Since the War on Drugs began almost 50 years ago in the United States, most states have increased the severity of their drug related criminal offenses as well as ramped up the potential punishments for violating any of those laws. If you were recently arrested and charged with violating Nebraska’s “dealing” laws, you likely face the possibility of being sentenced to a lengthy term of imprisonment if you are ultimately convicted of that offense. Only an experienced Nebraska drug defense lawyer can discuss the specific facts and circumstances of your case with you; however, you may find it helpful to learn some of the basic penalties for dealing in Nebraska.
Nebraska’s “Dealing” Laws
Although most people use the term “dealing drugs,” the law actually uses several other words in the applicable statutes. Nebraska Revised Statute Section 28-416 governs criminal offenses related to dealing drugs. Specifically, Section 28-416(1) reads as follows:
- Except as authorized by the Uniform Controlled Substances Act, it shall be unlawful for any person knowingly or intentionally: (a) To manufacture, distribute, deliver, dispense, or possess with intent to manufacture, distribute, deliver, or dispense a controlled substance; or (b) to create, distribute, or possess with intent to distribute a counterfeit controlled substance.
Penalties for Violating Section 28-416
Nebraska, like most states, has a rather complicated set of laws that determine the severity of the offense and the potential penalties you face for a violation of the state’s “dealing” statute. The default rules dictate that if the substance involved is a controlled substance classified in Schedule I, II, or III of section 28-405 as an exceptionally hazardous drug, you will be charged with a Class II felony. Any other substance classified in Schedule I, II, or III of section 28-405 will be charged as a Class IIA felony and if the substance involved is a controlled substance found in Schedule IV or V of section 28-405 you will be charged with a Class IIIA felony.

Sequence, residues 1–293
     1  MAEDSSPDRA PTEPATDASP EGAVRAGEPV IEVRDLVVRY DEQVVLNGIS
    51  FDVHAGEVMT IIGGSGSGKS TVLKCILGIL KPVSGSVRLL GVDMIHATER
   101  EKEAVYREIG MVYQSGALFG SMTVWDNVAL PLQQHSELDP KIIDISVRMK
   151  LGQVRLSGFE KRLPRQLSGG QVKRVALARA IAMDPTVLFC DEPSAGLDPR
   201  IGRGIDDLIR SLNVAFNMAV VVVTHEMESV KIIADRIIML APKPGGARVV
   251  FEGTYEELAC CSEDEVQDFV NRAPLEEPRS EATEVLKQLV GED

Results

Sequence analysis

What makes things complicated is the fact that there are a number of exceptions to the above default rules. For example, if the substance involved is cocaine, crack, methamphetamine, or heroin and the amount involved is:
- 140 grams or more you can be charged with a Class IB felony;
- At least 28 grams but less than 140 grams you can be charged with a Class IC felony;
- At least 10 grams but less than 28 grams you can be charged with a Class ID felony.
Also, if you are over the age of 18, and you sell or attempt to sell a controlled substance to someone under the age of 18 “in, on, or within one thousand feet of the real property comprising a public or private elementary, vocational, or secondary school, a community college, a public or private college, junior college, or university, or a playground, or within one hundred feet of a public or private youth center, public swimming pool, or video arcade facility” you will be charged with the next higher penalty classification.
The potential penalties you face will depend on the severity level of the offense for which you have been charged. The most common offenses for dealing and corresponding penalties are:
- Class ID Felony – minimum of three years and a maximum of 50 in prison
- Class IC Felony – minimum of five years and a maximum of 50 years in prison
- Class IB Felony – minimum of 20 years and a maximum of life in prison
- Class IIIA Felony – maximum of three years and 18 months post-release supervision and/or a fine of up to $10,000
- Class IIA Felony – no minimum but a maximum of 20 years in prison
- Class II Felony – minimum of one year and a maximum of 50 years in prison
Contact a Nebraska Drug Defense Lawyer at Petersen Law Office
If you have been arrested for dealing a controlled substance in Nebraska, consult with an experienced Nebraska drug defense lawyer as soon as possible. In Nebraska contact Petersen Criminal Defense Law 24 hours a day at 402-509-8070 to discuss your case.
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